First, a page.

Construction plant and equipment requires substantial capital investment. It is therefore important that the sum insured requirements are correctly reflected in the insurance policy concluded by the owner of the equipment. Consort wishes to point out certain important aspects to assist you in arranging the correct Plant All Risks insurance for your client.
Understanding the meaning of sum insured
Sum insured is commonly described as, “a maximum amount that an insurance company will pay to someone who makes a claim.”
A widely used reference in short-term insurance furthermore defines sum insured as, “a maximum amount payable by the underwriter in terms of a policy insuring loss or damage to property. It does not represent what will be paid, because what will be paid is limited by the cost of indemnity or reinstatement of damage, but it sets a ceiling on what can be paid (Nafte v Atlas Assurance Co Ltd (1924) Wld239)” (Lindstrom C. (2012), An encyclopaedic dictionary of short-term insurance and related terminology used in South Africa).
Basis of valuation
Most Plant All Risks underwriters offer three basis of valuation (sum insured) being, New Replacement Value (NRV), Agreed Value (AV), and Market Value (MV).
It is not our intention to indicate nor recommend what we believe is the best or most preferable basis for valuation, but to illustrate some of the differences between these valuations. The most important principle is that the policy is still a policy of indemnity, and it is drafted as such. Secondly, the sum insured is one of the most crucial factors to ensure adequate claims settlements.
Principle of indemnity
To illustrate the principle of indemnity, we must point out that in the event of a total loss, under all three basis of valuation, the settlement will be market value (with a small variation which may apply to agreed values), or the sum insured should it be less than the market value.
You may ask, why then the difference in valuations?
We trust that the following explanations on partial losses will answer the question. We also wish to highlight the differences in the application of the different clauses, should a partial loss occur:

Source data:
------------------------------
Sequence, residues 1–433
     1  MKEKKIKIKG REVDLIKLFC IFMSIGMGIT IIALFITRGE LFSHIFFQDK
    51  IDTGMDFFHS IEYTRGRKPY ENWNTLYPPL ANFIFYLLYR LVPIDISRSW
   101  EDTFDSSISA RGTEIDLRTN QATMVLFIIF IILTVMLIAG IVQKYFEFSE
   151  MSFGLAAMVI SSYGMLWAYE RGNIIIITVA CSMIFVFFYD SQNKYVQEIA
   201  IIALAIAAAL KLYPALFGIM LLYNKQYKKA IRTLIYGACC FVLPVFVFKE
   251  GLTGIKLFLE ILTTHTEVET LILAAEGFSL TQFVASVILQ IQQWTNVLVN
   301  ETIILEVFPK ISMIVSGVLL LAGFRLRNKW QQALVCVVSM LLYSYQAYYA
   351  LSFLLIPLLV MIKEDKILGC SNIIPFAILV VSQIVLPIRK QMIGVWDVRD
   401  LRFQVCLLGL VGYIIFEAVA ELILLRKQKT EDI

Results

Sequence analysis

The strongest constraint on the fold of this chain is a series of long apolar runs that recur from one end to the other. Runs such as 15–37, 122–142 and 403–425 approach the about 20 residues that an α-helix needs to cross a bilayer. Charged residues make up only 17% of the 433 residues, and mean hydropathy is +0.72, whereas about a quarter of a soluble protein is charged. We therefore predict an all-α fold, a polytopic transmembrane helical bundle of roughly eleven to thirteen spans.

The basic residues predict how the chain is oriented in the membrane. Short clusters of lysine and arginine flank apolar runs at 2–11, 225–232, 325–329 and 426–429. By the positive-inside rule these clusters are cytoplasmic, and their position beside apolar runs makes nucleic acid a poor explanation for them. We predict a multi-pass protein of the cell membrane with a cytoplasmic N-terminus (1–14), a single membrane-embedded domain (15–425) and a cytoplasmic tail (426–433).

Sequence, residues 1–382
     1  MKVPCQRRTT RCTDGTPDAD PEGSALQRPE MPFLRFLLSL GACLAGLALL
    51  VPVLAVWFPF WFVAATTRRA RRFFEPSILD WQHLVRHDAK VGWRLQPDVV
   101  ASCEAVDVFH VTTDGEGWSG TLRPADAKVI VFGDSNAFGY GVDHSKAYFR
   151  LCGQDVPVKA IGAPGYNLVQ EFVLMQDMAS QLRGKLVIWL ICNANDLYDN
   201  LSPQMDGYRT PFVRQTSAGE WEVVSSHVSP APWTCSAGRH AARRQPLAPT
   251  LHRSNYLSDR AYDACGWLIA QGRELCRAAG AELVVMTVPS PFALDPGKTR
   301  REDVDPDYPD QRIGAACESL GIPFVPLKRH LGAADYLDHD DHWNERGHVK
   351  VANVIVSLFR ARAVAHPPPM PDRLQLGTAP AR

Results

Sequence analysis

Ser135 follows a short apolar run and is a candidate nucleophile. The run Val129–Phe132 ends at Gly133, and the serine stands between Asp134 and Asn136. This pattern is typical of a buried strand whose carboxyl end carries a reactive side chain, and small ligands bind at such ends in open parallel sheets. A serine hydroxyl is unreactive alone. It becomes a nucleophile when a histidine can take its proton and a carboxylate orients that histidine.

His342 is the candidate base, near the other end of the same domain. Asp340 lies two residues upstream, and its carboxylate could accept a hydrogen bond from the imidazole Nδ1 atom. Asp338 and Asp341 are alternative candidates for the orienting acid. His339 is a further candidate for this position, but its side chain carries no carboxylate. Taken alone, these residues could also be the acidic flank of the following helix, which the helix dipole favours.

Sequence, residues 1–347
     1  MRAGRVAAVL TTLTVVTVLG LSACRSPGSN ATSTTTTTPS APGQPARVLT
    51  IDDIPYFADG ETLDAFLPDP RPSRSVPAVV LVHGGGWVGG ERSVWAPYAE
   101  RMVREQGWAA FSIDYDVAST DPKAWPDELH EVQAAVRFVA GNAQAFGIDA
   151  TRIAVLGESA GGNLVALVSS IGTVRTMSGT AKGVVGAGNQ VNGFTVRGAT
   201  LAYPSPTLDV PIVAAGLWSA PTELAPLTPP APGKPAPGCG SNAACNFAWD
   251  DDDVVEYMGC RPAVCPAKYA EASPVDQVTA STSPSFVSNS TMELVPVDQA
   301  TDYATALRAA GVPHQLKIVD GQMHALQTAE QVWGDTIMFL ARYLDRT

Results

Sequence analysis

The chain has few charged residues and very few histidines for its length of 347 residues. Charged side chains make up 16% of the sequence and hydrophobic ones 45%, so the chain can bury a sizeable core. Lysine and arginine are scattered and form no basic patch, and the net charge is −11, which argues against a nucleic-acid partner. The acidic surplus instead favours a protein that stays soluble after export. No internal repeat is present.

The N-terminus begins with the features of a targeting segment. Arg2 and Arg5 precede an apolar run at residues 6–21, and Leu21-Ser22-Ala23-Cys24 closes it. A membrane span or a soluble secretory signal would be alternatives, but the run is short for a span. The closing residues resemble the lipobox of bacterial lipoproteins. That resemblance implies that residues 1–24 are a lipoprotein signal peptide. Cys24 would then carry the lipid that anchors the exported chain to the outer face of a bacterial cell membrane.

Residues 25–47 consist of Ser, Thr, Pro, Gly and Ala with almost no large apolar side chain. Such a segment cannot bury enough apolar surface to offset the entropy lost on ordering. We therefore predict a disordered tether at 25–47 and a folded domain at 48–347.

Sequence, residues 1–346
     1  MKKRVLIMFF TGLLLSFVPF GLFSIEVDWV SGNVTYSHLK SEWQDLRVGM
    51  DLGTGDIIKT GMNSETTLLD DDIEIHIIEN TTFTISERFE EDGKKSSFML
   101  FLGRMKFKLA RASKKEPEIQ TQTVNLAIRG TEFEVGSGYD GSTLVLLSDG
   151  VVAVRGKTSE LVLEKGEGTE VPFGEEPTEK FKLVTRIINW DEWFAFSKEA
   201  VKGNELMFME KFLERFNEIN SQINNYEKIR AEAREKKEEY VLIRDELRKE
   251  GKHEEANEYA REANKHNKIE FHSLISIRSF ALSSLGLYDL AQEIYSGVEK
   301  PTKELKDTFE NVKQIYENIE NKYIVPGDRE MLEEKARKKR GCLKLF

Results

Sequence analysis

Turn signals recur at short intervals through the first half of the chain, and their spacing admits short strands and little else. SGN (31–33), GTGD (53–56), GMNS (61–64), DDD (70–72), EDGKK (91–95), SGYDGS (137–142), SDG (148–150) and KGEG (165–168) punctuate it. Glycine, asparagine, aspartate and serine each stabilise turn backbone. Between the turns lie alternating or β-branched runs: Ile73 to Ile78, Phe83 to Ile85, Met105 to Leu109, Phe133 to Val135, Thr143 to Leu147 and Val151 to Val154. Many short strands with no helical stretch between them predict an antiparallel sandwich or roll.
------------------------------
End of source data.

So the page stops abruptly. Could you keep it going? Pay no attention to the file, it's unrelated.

New Replacement Value
Should new replacement parts, spares and components be required, no betterment will apply, but be wary of underinsurance. The sum insured must represent the new replacement value of the item. Should the item be insured for less than the present new value, average will apply to the claim.
Should replacement parts, spares and components be required, the policy shall be limited to the proportion that the sum insured bears to the new replacement value of the item damaged.
Agreed value relates to equipment which is custom or purpose-made or for which no general market is available. However, should the item be readily replaceable and market values are available, claims will be settled as stated above.
Importance of revaluing and adjusting sum insured
True indemnity will always relate to the actual cash value of the item at the time of the loss. Market value is normally calculated by deducting an amount based on the usage, age, and condition of the item. The sum insured (market value) is intended to allow for the replacement of the item with an item of a similar condition.
The pre-used plant market value is more than often also influenced by the construction and building market conditions asking for more mechanical support in an upswing in the economy. Secondhand equipment or even the unavailability of obtaining new equipment tends to have an upwards price effect of secondhand equipment.
It is important for owners of plant and equipment to regularly revalue their plant and adjust the sum insured accordingly. Like for most goods and services, inflation can also increase the cost of replacement and influence the cost of insurance. A small additional premium can make an enormous difference to a claim.